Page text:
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Collecting Stamps: Investment
AN INCREASING INTEREST IN THE "Investment" aspect of stamp collecting is being shown by collectors-young and old-and even by some dealers. Though many of the old guard (the conservative collectors) detest this angle, it is here to stay, and must be taken into consideration.
Actually there is nothing wrong with the investment side of stamps. While it is true the design and overall factors of the stamp itself become secondary to quantity and demand, it is equally true that the average person likes to see his possessions increase in value-paper or real.
There is a wide distinction between investment and speculation. In the former the value of the property for a period of time is realized. In the latter quick gains are sought.
There are several angles which must be taken into consideration in discussing investments in stamps. The first is the simple fact that stamps are a luxury, and as such depend upon general conditions. When money is plentiful people can buy more stamps. When money is scarce, people must give first interest to food, clothing and rent.
Second in importance is appreciation of the rule of supply and demand. If large quantities of any particular stamp flood the market, or hang over the market, the price at best remains dormant or most likely drops. If there is a heavy demand, such as in the 1949-50 Universal Postal Union issue, prices will rise, and quickly. The unfortunate part of such a condition lies in the fact that issues of this sort reach a peak, and then-as interest lags-prices drop.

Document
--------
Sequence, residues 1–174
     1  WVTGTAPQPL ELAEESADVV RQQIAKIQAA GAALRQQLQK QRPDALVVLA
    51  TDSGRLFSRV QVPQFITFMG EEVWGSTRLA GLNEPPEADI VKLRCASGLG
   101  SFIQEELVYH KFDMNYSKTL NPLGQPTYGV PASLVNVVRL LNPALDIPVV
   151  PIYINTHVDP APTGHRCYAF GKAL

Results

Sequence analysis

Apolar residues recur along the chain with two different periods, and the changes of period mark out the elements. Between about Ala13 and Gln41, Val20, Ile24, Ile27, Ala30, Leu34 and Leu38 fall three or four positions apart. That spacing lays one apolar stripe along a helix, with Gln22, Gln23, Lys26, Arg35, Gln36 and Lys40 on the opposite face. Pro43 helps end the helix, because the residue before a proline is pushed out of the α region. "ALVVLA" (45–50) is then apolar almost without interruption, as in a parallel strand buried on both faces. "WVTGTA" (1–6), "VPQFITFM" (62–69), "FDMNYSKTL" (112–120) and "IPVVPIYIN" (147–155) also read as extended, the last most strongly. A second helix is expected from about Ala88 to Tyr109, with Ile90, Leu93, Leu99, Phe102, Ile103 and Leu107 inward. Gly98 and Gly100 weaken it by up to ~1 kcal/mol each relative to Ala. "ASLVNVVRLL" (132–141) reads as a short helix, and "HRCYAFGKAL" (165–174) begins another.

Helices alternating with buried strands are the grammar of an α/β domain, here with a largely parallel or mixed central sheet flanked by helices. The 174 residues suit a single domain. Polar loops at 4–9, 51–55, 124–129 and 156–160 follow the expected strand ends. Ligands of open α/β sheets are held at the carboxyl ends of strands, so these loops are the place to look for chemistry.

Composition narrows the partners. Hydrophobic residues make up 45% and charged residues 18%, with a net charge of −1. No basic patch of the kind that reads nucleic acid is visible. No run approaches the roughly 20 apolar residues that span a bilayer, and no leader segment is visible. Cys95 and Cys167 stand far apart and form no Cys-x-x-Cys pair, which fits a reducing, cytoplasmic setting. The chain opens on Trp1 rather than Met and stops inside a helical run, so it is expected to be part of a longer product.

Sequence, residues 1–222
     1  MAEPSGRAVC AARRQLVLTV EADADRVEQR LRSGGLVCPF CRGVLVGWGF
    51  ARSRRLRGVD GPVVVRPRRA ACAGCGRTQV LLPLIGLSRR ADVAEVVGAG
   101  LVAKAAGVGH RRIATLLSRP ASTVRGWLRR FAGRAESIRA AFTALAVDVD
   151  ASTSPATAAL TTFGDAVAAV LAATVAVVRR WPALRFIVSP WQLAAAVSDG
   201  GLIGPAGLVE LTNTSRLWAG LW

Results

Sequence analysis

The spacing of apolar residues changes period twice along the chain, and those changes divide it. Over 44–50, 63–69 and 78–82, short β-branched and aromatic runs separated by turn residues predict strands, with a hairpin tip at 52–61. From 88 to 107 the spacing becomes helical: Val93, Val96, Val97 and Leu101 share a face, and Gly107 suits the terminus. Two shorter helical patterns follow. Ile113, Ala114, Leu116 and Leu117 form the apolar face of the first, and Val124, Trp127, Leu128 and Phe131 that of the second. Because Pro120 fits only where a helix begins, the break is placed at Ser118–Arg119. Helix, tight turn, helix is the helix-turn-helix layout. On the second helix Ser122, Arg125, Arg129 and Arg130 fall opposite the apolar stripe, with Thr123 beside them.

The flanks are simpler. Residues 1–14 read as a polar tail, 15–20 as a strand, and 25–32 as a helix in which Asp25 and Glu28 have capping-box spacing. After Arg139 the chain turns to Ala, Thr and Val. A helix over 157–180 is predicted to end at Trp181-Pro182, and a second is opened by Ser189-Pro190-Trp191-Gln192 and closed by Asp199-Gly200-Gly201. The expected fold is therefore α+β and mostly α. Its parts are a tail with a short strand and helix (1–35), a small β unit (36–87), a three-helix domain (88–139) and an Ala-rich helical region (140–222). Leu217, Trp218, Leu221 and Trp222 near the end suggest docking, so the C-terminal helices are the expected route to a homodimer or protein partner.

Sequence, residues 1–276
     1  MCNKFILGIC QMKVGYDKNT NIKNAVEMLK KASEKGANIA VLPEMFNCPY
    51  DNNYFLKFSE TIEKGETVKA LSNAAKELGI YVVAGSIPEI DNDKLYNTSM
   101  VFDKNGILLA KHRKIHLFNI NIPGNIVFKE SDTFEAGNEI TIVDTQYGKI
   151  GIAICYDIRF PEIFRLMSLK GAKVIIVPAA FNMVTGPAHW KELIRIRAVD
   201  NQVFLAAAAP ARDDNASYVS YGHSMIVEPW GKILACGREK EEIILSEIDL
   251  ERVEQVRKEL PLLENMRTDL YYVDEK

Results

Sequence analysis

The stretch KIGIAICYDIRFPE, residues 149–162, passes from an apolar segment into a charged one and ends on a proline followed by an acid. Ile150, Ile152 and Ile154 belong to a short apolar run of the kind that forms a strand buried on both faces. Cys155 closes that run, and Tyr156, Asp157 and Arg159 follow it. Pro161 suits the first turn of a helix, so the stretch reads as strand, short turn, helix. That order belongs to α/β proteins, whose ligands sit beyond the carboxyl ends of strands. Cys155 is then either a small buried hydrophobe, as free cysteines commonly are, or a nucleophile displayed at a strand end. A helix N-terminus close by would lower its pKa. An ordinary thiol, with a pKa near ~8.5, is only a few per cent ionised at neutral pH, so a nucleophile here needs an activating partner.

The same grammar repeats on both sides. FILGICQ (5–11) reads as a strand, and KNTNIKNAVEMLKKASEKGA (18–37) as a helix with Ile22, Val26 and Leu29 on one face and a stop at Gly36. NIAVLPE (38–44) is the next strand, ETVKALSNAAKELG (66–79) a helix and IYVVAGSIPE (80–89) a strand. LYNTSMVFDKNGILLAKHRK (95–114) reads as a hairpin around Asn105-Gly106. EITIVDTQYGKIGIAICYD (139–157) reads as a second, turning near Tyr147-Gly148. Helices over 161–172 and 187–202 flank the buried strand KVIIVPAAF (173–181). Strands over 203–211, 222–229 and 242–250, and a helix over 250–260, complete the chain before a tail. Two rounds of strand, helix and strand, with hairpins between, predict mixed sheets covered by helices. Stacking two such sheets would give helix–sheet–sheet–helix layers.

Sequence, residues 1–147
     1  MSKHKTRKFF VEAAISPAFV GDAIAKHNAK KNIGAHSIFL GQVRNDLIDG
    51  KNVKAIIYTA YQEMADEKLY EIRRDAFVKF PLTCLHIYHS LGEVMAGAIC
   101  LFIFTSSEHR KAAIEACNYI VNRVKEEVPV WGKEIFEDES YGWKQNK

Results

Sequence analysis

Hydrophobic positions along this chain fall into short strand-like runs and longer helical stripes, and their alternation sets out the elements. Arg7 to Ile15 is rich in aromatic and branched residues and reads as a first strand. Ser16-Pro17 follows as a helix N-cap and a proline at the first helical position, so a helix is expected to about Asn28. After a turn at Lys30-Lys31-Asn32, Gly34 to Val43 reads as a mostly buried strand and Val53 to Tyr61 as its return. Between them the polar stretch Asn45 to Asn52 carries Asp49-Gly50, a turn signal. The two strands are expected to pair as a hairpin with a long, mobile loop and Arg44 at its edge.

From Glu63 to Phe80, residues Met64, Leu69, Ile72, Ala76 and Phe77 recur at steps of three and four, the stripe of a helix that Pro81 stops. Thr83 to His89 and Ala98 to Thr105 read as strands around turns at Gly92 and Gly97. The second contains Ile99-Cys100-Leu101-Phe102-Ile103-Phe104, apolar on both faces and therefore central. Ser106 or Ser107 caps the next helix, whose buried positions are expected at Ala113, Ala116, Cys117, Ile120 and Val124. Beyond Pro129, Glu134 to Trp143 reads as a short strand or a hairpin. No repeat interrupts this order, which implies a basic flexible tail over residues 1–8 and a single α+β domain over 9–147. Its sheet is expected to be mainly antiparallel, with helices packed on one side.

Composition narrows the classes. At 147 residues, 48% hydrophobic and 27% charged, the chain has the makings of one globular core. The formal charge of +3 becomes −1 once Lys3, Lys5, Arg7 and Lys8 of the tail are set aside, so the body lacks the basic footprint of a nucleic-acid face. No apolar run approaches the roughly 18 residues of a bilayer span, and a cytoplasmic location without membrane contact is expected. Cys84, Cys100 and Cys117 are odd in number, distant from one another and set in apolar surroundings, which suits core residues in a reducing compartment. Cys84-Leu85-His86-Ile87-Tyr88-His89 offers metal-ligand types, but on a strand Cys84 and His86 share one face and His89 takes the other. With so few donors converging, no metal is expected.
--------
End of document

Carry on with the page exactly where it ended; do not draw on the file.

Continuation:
In the case of United States commemoratives, all too many people feel they can buy singles, blocks or sheets at a post office (disregarding centering) and, in a few years show a very nice profit. They forget a few simple facts. Recent U.S. commemoratives are printed in huge quantities generally. Many are bought and used. Many others are bought and held for a profit. While prices rise the buyers feel smug and hold on, but the market starts breaking after a short time and these same buyers seek to sell their material at near face, or even below face.
There is a "shake-down" period in stamps, as there is in many other fields. While demand is present everything goes on smoothly, but as demand drops so do prices. That doesn't mean that the stamps aren't still good investments-it merely shows that the material in weak hands has been forced out, and, after a time, prices firm up again, and continue to rise.
Several well-versed collectors have sought to predict price rises in stamps, and in many instances have done remarkably well. Unfortunately, too many factors are unknown to even the best informed authorities, and long-range predictions are dangerous to make or to follow. If one is in a sound financial condition, and can afford to wait for a period of years, stamps can be a good investment. Otherwise stamps should be sold on a rising market, and no effort should be made to sell at the peak.
Those who invest in stamps shouldn't be ashamed of doing it-it's a natural instinct. Reversely they shouldn't be greedy. Investments in stamps should be based on knowledge of the market and world conditions, otherwise it's very, very dangerous.